Sunset in the West: Texas and California


Abilene, Texas

In the summer of 1964, Chicago Musical Instrument Co. purchased the assets to F.A. Reynolds Co. at auction and announced that the company would move to Abilene, Texas, combining operations with another CMI purchase, Caldwell Music Products.

To accommodate the Reynolds operations, CMI spent $1 million to expand the existing Caldwell facility and construct a new 75,000 square foot plant nearby, bring the total area to nearly 100,000 square feet. The new white brick building was compared by one AP reporter to a single-level airplane assembly hanger (without the automation).

Through a combination of new machinery and equipment moved from Cleveland in August 1964, Caldwell estimated that the new plant would "house approximately a half million dollars worth of equipment." CMI considered the new plant to be "one of the five or six major factories" in the country. 


Work on the new plant was completed in January 1965 and key personnel were brought to Texas from Cleveland, Fullerton and other locations, though interest in the project was especially low at the Olds plant in California. Caldwell expected that hundreds of local Abilene residents could be taught the skills necessary to produce "45 versions of trumpet, cornet, flugelhorn, trombone, alto horn, mellophone, French horn, baritone, Sousaphone, tuba and recording basses," all to be "distributed through CMI outlets across the United States and into 70 foreign countries."

On April 9 and 10, the company hosted a Texas-themed "Reynolds Round-Up" open house to celebrate the new plant. CMI executives-led by Maurice Berlin, civic leaders, dealers from across the country and the general public celebrated the addition to Abilene's industry and the expectations of growth were high. Print advertisements from 1965 are "Texas themed" and celebrate Reynolds' new start.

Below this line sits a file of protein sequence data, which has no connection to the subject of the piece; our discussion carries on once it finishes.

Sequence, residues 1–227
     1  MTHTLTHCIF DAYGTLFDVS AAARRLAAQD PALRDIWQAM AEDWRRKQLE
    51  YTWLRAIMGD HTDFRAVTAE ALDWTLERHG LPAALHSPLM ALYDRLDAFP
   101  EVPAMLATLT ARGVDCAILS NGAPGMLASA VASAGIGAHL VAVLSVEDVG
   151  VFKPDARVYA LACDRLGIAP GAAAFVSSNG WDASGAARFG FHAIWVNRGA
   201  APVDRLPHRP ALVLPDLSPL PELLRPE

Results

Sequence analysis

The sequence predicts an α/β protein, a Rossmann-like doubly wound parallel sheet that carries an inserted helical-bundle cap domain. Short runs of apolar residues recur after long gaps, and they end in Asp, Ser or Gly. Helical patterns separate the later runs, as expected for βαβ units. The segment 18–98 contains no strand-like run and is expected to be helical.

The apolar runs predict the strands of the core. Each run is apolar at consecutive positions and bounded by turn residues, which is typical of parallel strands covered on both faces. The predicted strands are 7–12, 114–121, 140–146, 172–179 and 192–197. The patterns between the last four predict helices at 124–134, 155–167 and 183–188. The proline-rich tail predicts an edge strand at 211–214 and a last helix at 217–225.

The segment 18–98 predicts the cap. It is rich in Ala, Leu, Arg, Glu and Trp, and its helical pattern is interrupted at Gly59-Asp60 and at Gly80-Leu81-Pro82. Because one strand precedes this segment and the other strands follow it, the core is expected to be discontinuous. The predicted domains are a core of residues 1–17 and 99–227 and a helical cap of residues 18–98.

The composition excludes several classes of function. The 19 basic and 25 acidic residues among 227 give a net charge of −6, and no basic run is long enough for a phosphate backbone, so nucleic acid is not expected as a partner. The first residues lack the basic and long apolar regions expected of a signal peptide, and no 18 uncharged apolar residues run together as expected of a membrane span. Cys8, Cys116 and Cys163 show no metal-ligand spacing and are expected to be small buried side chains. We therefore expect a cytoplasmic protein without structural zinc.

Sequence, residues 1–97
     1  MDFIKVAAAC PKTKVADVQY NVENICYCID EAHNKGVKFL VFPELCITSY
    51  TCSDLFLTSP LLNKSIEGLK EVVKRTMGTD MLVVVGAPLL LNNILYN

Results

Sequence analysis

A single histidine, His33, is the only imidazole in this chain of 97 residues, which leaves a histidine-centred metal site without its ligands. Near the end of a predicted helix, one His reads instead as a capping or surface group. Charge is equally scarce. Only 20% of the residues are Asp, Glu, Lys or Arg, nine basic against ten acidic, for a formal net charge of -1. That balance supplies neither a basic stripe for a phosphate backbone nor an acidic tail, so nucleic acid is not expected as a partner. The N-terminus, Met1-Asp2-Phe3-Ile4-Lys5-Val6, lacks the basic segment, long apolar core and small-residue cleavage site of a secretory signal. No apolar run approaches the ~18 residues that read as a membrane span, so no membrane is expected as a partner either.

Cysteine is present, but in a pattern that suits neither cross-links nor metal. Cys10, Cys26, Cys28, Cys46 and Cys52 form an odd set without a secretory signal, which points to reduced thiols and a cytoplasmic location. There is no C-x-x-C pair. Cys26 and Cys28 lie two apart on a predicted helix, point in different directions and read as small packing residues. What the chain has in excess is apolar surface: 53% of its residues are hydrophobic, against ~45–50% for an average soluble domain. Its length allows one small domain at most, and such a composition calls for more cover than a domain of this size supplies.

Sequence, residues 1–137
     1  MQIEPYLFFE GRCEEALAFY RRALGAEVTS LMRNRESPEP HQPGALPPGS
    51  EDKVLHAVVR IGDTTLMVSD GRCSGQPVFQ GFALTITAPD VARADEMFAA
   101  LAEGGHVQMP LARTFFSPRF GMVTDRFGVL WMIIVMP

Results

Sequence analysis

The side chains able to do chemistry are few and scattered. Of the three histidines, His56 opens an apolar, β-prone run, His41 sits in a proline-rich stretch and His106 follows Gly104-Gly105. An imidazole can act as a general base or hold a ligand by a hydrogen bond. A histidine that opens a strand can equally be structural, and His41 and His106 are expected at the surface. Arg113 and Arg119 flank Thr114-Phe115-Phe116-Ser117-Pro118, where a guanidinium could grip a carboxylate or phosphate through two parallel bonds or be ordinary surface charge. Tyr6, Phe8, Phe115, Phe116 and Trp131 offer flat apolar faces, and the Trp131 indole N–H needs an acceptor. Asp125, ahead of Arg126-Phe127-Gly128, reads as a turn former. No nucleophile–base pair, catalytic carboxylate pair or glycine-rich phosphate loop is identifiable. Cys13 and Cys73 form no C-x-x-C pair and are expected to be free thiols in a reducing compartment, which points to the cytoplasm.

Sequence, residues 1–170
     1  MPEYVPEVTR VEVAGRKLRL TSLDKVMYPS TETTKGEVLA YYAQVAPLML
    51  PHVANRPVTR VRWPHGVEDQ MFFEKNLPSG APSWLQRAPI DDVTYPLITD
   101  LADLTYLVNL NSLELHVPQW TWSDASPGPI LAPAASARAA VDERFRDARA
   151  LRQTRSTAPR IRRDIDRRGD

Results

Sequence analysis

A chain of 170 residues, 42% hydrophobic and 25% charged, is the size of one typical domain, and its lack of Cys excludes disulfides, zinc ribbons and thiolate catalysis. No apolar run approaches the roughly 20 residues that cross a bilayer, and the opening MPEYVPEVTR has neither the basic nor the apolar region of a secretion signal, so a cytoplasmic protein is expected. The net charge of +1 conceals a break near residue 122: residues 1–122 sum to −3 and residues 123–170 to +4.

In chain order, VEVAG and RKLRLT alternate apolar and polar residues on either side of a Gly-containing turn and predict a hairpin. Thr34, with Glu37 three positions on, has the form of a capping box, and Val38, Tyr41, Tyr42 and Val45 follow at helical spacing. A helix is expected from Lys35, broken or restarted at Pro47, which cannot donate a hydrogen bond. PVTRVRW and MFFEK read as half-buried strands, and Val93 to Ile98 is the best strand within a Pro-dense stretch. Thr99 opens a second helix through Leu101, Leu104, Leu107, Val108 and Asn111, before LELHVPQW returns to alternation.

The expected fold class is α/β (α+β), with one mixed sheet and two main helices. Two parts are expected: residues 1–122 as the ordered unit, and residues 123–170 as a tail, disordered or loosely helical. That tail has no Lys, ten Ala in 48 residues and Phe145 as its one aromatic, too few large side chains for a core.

When the Abilene plant opened, however, manufacturing for Reynolds was already split between Fullerton and Abilene. Since November 1964, the Olds plant in California had been making cornets, trumpets, trombones and French horns under the Reynolds name, at least enough to begin stamping new serial numbers on instruments (the serial number sequence reset at 200,000 with the new manufacturing lines).

The new Reynolds plant made mellophones, alto horns, sousaphones, baritones, tubas and fiberglass sousaphones for both companies. According to former Olds employees, some low brass parts, particularly baritone, euphonium, tuba and sousaphone bells, were manufactured in Fullerton and then shipped to Texas for assembly with other parts being made in Abilene.